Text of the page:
A Council of Ministers sub-committee formed in January this year is investigating the merits and practicalities or otherwise of organising Government on the basis of a Single Legal Entity.
The sub-committee chaired by Minister for Policy and Reform Chris Thomas MHK is conducting a brief internal consultation in order to obtain views from across Government and then submit an interim report for debate in Tynwald in July 2017.
The Minister said:
‘Following our discussions so far, we have identified a number of options in support of the continued evolution of the Isle of Man Government and have set them out in an internal consultation document.
‘We are not conducting a full public consultation at this stage, as that has been done previously, and bearing in mind the document does not contain any firm policy proposals. However, we hope any views received will help the sub-committee reach conclusions for discussion in Tynwald and as part of a wider public debate.’
The concept of the Isle of Man Government operating as a single legal entity was first explored, amongst many other issues, as part of the Review of the Scope and Structure of Government in the Isle of Man conducted in 2006.
In 2014, Sir John Elvidge was invited to the Isle of Man by the Council of Ministers to undertake a review in order to assess the appropriateness, or otherwise, of establishing Isle of Man Government as a single legal entity. He produced his report in October 2014.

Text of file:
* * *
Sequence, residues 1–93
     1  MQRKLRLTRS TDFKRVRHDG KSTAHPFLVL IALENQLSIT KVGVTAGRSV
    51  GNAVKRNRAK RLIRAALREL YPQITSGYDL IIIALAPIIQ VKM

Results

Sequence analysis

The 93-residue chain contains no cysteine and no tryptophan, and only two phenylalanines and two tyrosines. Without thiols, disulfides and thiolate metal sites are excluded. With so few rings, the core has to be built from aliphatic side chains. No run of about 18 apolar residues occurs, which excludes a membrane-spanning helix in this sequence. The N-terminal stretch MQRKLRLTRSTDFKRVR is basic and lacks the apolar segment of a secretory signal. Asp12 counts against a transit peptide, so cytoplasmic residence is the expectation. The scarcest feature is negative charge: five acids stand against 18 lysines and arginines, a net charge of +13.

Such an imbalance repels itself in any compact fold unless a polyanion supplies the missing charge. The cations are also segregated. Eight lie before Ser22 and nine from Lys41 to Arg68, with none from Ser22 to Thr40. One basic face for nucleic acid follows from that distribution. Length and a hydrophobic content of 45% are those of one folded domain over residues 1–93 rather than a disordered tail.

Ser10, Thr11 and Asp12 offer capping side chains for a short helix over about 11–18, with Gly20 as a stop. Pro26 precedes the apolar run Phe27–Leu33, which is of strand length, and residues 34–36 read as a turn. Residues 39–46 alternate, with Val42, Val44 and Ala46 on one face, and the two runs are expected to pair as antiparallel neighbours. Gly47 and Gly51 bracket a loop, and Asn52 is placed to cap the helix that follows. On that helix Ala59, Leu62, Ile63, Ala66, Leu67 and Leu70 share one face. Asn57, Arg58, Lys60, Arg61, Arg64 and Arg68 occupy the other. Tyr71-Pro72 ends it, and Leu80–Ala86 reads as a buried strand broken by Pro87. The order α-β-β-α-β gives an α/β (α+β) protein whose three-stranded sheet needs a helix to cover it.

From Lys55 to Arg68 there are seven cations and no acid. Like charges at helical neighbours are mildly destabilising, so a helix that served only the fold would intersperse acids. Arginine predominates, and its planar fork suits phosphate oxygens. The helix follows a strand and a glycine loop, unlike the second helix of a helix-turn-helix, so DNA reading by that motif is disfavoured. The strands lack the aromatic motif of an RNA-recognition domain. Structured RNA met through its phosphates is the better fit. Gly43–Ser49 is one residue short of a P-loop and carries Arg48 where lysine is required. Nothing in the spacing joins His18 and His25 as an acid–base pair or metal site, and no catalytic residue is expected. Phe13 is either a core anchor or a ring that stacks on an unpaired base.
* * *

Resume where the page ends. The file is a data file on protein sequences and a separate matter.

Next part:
Sir John’s report was debated in Tynwald in November 2014, and was consulted upon in the summer of 2015. The public consultation concluded that there was merit in establishing Government as a single legal entity, with a large majority of respondents (74%) in support of the principle and, whilst some concerns were expressed surrounding data protection issues, there was only limited opposition to the concept.
It was argued in the consultation that a Single Legal Entity would enable:
- Greater flexibility and agility in responding to the Island’s external environment
- More ‘integrated’ and ‘joined-up’ systems across Government
- Policy making and service provision based around the needs of the whole citizen as opposed to ‘patients’/’service users’ being viewed from a Departmental perspective etc
- The ability to make and enter into contracts and agreements as a Government entity, rather than individual Departments, etc., at local and international level
- More integrated working across Government
- The removal of actual or perceived inhibitors to joint action by different parts of the existing Government structures
At its sitting in December 2016, Tynwald resolved as follows:
‘Tynwald notes the work done to date by the Council of Ministers around the Single Legal Entity and connected matters, and requires that the Council of Ministers establish a Sub-Committee to investigate the merits and practicalities or otherwise of organising Government on the basis of a Single Legal Entity, reporting back to Tynwald with recommendations by July 2017.’